A few weeks ago Jason LaCanfora published a list of best and worst contracts in the NFL so I thought it might make a good idea for us to do the same here at OTC, with a team by team approach. I’ll try to be a bit more analytical in terms of why money was paid and how it fits in the market, but the general premise is the same. The one key difference is outside of restructured rookie contracts under the old CBA we will only use veteran contracts as there is a big difference between best draft picks and best contracts. Please note that there is a difference between a bad player and a bad contract when discussing some of the selections. Clicking on a players name will take you to his salary cap page.
Best Contract: Justin Tuck
I had a very difficult time coming up with this decision. The Giants rework contracts so often that sometimes the deals get so bad at the backend that a good deal kind of goes bad. I considered Chris Snee, who has been a relative bargain at Guard for many years, but yearly restructures have left the Giants with a bad 2013 and 2014 cap scenario with Snee. Cullen Jenkins is a pretty good deal for a one year flier on a player that can provide an interior pass rush and I could see putting him in this position, but Tucks’ is a bigger contract and stands out from all the others with regards to contract treatment.
While Tuck struggled to make an impact last season and is looked at negatively right now with his $6.15 million dollar cap charge, that is simply a Giants decision to allow him to play things out at that figure. The Giants had structured his deal so that he would only carry a $1.5 million dollar cap hit if released this year. They never jumped back in on him to raise that charge when restructuring every other player around him, even as he came off a Pro Bowl in 2010. Normally the low dead money is the kind of leverage that would lead to a paycut if the team chose to use their leverage that way.
From an annual value perspective Tuck’s $6.2 million per year number is a tremendous bargain at the position. As a key backup in the Giants 2007 season in which he produced 10 sacks, the Giants pounced on the opportunity to re-sign Tuck, who they knew would likely be a starter in 2008, during their Super Bowl run. Tuck had one year remaining on his rookie contract, slated to pay him just $520,000, which the Giants used to help negotiate favorable terms. Usually a 10 sack season leads to big contracts or at least big deals with numerous incentives, neither of which was the case with Tuck, whose contract contained modest escalators on the backend for Pro Bowls and sacks, of which just $1 million were earned.
Over the life of the contract Tuck made two Pro Bowls and had two 10+ sack seasons. The decision to extend a year early allowed the Giants to smooth out the cap hits to their advantage. Tuck never had a cap charge over $7.65 million and most years his cap charge was around $5 million. Most importantly they never made the deal worse, which they did with many other deals. Philosophically this may be part of the Giants internal visions, locking up pass rushers young and continuing to draft them so they can move on as the age and health becomes more of a concern. Regardless of the reasoning the Giants got a great deal with Tuck and if they choose to part ways this summer they will create $4.5 million in cap room with no further damage in 2014.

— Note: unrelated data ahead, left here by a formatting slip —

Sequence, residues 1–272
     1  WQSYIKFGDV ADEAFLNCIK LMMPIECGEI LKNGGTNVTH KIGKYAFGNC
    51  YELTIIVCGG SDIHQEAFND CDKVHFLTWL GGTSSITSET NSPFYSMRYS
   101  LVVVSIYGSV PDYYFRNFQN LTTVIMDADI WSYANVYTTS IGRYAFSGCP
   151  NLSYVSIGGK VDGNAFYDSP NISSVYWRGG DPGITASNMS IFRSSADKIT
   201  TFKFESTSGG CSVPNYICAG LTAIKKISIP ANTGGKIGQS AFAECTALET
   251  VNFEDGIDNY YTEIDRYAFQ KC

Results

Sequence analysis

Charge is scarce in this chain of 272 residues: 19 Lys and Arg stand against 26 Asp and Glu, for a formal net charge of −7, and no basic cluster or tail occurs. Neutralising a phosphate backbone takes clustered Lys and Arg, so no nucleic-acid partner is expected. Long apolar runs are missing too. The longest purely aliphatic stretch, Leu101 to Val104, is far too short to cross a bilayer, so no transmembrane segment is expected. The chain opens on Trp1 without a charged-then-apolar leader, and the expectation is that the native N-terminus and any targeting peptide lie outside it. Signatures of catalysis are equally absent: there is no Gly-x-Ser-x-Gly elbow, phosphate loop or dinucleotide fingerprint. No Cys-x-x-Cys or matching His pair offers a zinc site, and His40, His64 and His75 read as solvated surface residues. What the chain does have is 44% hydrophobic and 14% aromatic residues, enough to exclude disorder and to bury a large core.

Worst Contract: Corey Webster
While Webster did take a paycut this year to remain a Giant, even the paycut just added to the poor extension they signed Webster to back in 2008. Webster, who had never been selected to a Pro Bowl, was signed to a 5 year extension worth $8.7 million a year, at the time one of the most expensive deals at the position. His $29.5 million three year payout was close to the top of the NFL corner market and Webster was never anywhere near that level of player. Since then Webster has been an ok starter until seemingly coming apart at the seams last season.
The Giants made the backend of Webster’s deal more difficult to work with by converting $3.6 million of salary in 2009 and $3 million in salary in 2011 to prorated bonuses to help their salary cap situation. As a result of the contract structure, which already paid Webster a $5.25 million dollar signing bonus, his cap charges in 2012 and 2013 were over $9 million a year and his dead money in the final year of a 5 year deal totaled $2.59 million.
The Giants would go on to make a curious decision to keep Webster in the fold in 2013 by reducing his $7 million dollar cash salary to $4.25 million, with $2.5 million fully guaranteed. Webster will still carry a cap charge over $5 million on the season, a number the Giants kept artificially low by getting into the void year contract structure that has compromised teams such as their rivals the Dallas Cowboys. The Giants have started to dip their toe into this contract structure with some lower tier talent due to salary cap problems and need to be careful to not extend the concept much further. As a result Webster, who ranked 111th in coverage by Pro Football Focus in 2012, will leave the Giants with $1.25 million in dead money next season when his contract voids.
Check out Our Other Best & Worst Contract Articles
Jason is the founder of OTC and has been studying NFL contracts and the salary cap for over 15 years. Jason has co-authored two books about the NFL, Crunching Numbers and the Drafting Stage, which are widely circulated in the industry and hosts the OTC Podcast. Jason’s work has been featured in various publications including the Sporting News, Sports Illustrated, NFL Network and more. OTC is widely considered the leading authority on contract matters in the NFL.